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the Complete Review
the complete review - comic book



Persepolis (3)
(Persepolis 2: The Story of a Return)

by
Marjane Satrapi


general information | review summaries | our review | links | about the author

To purchase The Complete Persepolis



Title: Persepolis (3)
Author: Marjane Satrapi
Genre: comic book
Written: 2002
Length: 92 pages
Original in: French
Availability: in The Complete Persepolis - US
in The Complete Persepolis - UK
in The Complete Persepolis - Canada
in Persepolis - France
in Persepolis - Deutschland
  • The English translation is titled: Persepolis 2: The Story of a Return, but it is, in fact volumes three and four of the French edition.
  • See also our review of volumes 1 and 2 (published in English as Persepolis)

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Our Assessment:

B : decent comic-book version of unusual adolescence

See our review for fuller assessment.




Review Summaries
Source Rating Date Reviewer
The Economist . 30/10/2004 .
The LA Times . 15/8/2004 Laurel Maury
New York . 20/9/2004 Boris Kachka
The NY Rev. of Books A 24/3/2005 Patricia Storace
The NY Times Book Rev. A 22/8/2004 Luc Sante
The Observer . 7/11/2004 Samantha Ellis
San Francisco Chronicle . 29/8/2004 Sandip Roy
Time . 23/8/2004 Lisa McLaughlin


  From the Reviews:
  • "Yet there is a deceptive simplicity to Ms Satrapi's drawings, which capture a range of emotions with an economy of line. With a notch of a pen above or below an eye, she can render compassion or fatigue. In this way, she teases out universal feelings to draw attention to her country's troubled politics. The effect is powerful." - The Economist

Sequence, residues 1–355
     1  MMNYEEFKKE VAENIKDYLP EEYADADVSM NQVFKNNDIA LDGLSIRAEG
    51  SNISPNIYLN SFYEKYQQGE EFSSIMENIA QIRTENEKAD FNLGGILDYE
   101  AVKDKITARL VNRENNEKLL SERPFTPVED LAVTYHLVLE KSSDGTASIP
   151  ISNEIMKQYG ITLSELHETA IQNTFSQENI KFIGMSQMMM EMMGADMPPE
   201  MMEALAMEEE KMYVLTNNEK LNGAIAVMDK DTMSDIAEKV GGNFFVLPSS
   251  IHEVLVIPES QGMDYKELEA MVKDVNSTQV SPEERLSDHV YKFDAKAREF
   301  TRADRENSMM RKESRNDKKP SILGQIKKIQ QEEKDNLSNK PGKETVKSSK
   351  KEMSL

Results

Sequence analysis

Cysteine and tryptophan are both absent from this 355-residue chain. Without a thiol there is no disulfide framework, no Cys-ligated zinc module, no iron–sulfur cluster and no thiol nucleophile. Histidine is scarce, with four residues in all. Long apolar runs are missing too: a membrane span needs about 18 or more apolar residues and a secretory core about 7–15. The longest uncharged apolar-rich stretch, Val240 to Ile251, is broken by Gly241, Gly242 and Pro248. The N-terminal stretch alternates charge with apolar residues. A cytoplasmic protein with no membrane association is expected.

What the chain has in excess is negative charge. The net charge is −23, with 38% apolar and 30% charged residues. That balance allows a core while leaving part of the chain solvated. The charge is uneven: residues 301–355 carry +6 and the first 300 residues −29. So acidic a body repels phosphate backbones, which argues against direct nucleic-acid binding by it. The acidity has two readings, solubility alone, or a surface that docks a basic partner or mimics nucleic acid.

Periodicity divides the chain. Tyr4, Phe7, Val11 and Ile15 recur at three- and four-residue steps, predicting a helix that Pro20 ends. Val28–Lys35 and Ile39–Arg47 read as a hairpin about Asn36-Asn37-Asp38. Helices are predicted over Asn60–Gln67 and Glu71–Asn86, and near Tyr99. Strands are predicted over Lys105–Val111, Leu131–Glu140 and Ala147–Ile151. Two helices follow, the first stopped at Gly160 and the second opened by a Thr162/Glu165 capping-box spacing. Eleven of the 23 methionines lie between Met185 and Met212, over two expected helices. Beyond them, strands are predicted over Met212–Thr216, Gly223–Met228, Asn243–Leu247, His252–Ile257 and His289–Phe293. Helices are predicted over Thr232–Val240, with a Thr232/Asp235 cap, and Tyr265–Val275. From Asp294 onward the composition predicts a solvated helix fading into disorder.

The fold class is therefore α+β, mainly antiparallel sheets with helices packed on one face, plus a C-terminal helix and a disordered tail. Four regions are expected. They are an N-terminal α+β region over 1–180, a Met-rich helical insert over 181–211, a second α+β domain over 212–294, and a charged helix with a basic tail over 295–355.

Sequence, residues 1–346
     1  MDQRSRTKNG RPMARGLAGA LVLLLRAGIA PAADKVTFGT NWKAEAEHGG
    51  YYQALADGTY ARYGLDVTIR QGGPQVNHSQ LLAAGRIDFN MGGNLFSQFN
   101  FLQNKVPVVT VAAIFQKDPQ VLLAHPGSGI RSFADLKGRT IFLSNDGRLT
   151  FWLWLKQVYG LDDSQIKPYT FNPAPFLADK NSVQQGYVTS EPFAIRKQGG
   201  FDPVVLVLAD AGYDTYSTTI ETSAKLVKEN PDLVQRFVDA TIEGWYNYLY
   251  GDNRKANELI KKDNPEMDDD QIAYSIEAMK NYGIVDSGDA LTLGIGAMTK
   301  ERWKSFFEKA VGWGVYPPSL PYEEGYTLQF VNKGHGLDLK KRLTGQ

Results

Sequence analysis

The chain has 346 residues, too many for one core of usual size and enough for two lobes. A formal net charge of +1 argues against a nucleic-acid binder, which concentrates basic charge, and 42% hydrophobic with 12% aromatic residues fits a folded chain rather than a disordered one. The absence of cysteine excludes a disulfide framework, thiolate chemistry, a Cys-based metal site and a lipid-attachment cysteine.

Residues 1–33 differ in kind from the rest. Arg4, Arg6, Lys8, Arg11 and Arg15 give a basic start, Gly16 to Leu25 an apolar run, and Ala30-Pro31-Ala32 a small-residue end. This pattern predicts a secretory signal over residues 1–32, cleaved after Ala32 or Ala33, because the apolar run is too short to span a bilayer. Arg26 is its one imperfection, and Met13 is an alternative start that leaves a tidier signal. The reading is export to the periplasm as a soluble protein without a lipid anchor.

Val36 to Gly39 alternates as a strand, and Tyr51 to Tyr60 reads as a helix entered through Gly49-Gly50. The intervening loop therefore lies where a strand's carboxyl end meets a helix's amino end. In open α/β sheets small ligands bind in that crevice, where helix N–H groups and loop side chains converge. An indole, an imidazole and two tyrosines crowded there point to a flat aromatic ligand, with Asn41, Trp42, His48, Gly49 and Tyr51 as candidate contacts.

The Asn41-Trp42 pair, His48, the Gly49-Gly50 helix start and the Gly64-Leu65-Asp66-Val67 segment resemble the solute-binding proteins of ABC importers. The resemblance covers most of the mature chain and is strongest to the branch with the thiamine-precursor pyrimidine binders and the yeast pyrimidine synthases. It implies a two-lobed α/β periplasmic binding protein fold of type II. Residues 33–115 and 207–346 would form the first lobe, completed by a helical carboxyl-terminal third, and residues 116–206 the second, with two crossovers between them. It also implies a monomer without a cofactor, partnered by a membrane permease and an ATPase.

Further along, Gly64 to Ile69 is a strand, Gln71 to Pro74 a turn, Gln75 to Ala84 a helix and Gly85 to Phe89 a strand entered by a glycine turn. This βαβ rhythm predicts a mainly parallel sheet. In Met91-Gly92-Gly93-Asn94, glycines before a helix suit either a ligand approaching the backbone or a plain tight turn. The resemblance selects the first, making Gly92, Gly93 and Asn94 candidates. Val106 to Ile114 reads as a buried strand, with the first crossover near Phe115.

• "Satrapi loses her cuddliness in exile in book two (.....) But for all of her humility, the simplicity of Satrapiís work may be what makes it universal: Her cartoon icons represent the conflicted self, the veil of identity politics hiding the lonely navel-gazer within." - Boris Kachka, New York

  • "(I)mplacably witty and fearless (.....) Fittingly, Satrapi's style in Volume 2 is more adult, and more assured as well." - Patricia Storace, The New York Review of Books

  • "Satrapi's story is compelling and extremely complex, not simply in its windings and reversals of fortune but in its manifold ironies and acknowledged contradictions. It would have made a stirring document no matter how it was told, but the graphic form, with its cinematic motion and its style as personal as handwriting, endows it with a combination of dynamism and intimacy uniquely suited to a narrative at once intensely subjective and world-historical." - Luc Sante, the New York Times Book Review

  • "While this sequel lacks the narrative punch of the first book, it enables Satrapi to reflect on the consequences of revolution. (...) Satrapi has a disarming voice and her drawings are as packed as Persian miniatures, but it is her uncensorable honesty that makes her work so challenging and so pleasurable to read." - Samantha Ellis, The Observer

  • "What is astonishing about Satrapi's work is that with evocative drawings and minimal use of words, it creates immensely sympathetic and real characters" - Sandip Roy, San Francisco Chronicle

  • "Satrapi's drawing style is graceful and unfussy, with strong lines, heavy blacked-in figures and inky shadows. By telling her own story in lean, simple strokes, she also tells the complicated modern history of her country." - Lisa McLaughlin, Time

Please note that these ratings solely represent the complete review's biased interpretation and subjective opinion of the actual reviews and do not claim to accurately reflect or represent the views of the reviewers. Similarly the illustrative quotes chosen here are merely those the complete review subjectively believes represent the tenor and judgment of the review as a whole. We acknowledge (and remind and warn you) that they may, in fact, be entirely unrepresentative of the actual reviews by any other measure.

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The complete review's Review: